# Measuring Bernoulli in airplanes

One common explanation for airplane lift is that air pressure over the wing both moves faster and has lower pressure, a la Bernoulli. A very different explanation is that air is deflected downward by the lower wing surface, thus creating upward thrust. Probably both effects count, and it should be possible to gauge their relative contribution. One can measure, with sensors, the top-to-bottom pressure difference at many points in a real wing in flight. Integrating over the wing, is the total force equal to the weight of the plane? Surely, after 118 years of light, this has been done -- hasn't it??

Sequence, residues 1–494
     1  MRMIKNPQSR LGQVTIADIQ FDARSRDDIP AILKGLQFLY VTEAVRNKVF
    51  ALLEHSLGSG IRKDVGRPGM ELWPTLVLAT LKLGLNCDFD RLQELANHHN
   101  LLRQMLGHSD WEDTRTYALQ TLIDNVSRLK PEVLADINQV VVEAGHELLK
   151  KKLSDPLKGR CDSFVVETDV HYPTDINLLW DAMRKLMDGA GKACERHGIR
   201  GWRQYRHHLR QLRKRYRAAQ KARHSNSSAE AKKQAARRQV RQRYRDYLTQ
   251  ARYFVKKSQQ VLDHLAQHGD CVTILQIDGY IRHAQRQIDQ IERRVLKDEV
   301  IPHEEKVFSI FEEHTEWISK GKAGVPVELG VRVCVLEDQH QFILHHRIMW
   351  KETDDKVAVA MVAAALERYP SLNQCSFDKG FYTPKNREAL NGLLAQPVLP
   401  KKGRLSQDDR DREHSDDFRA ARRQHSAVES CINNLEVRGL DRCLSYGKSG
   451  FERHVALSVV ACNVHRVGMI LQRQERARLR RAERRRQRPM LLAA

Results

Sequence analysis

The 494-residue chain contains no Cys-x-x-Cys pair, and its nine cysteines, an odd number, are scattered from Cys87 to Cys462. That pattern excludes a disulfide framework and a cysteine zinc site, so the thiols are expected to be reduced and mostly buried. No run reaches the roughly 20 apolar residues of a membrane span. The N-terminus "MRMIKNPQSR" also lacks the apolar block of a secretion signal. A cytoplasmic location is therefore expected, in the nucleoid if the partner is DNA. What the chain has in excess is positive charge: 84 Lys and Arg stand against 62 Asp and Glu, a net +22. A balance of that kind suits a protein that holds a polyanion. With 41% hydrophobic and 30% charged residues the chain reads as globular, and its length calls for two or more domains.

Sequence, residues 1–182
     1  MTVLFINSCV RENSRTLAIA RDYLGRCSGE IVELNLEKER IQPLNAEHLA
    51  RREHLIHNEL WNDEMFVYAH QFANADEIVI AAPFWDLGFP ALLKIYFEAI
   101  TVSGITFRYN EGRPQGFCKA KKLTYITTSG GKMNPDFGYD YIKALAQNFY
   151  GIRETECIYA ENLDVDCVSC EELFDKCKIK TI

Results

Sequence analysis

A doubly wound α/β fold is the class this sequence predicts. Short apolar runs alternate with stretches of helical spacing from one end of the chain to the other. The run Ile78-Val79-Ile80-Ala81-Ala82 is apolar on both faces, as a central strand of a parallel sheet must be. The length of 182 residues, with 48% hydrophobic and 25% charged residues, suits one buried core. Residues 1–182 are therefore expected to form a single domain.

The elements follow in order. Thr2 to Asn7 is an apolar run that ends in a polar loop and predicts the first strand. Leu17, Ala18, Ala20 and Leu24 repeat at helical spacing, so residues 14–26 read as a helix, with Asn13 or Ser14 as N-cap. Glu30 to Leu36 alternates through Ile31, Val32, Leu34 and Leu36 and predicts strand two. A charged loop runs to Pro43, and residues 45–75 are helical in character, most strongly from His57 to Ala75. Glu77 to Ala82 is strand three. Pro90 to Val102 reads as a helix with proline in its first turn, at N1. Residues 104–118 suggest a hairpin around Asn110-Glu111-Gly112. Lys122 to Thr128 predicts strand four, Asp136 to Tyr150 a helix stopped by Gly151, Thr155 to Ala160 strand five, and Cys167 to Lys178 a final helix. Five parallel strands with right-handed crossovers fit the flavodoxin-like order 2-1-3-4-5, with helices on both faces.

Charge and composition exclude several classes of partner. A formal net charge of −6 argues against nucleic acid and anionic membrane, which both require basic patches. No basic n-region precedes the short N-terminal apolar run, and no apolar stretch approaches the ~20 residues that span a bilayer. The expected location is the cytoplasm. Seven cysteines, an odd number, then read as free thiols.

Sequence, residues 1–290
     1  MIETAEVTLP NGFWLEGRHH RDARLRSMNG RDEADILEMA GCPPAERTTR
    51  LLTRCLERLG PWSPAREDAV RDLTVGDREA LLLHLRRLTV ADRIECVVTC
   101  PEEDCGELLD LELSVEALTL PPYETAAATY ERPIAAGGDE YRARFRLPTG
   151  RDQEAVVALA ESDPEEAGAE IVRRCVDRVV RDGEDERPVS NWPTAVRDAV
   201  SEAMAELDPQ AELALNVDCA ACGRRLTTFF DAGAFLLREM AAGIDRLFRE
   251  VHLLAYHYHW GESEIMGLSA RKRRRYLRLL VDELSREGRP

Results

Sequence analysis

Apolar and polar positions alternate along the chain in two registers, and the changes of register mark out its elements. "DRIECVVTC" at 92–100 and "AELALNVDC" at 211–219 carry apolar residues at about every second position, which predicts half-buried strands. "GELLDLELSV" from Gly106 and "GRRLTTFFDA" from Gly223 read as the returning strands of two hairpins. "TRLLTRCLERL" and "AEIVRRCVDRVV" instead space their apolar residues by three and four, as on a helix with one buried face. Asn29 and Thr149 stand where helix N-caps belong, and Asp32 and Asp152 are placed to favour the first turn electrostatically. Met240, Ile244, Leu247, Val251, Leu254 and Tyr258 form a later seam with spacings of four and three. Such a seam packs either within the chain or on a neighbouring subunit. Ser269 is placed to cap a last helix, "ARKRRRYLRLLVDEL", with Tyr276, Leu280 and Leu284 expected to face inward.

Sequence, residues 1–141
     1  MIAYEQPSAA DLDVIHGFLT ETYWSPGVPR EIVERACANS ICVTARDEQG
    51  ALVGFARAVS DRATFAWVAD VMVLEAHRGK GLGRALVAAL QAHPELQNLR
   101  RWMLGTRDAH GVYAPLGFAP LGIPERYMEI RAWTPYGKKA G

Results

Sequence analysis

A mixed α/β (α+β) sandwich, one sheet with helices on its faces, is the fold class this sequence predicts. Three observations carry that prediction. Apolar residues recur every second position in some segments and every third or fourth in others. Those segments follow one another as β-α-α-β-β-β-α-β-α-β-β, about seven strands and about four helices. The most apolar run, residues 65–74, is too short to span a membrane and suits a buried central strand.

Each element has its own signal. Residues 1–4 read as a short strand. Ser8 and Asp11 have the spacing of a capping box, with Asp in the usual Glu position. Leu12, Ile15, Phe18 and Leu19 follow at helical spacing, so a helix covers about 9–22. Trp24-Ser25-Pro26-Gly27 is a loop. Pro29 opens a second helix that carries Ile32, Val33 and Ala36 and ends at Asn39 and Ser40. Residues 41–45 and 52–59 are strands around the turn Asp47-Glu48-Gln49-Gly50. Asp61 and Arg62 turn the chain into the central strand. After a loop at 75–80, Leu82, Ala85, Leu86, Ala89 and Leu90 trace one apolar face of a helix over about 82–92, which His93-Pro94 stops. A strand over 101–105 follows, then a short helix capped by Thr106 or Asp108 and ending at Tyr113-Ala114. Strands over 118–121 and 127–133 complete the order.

• Of course it has been done. It's a standard wind tunnel lab experiment in any university aerodynamics course. Commented Apr 30, 2021 at 22:31
• Both of them are not separate effects. You cannot have one and not the other . So it does not make sense to talk about their relative contribution. Each of them can be used to explain lift and calculations using any of the effect will give you the total amount of lift Commented May 1, 2021 at 6:22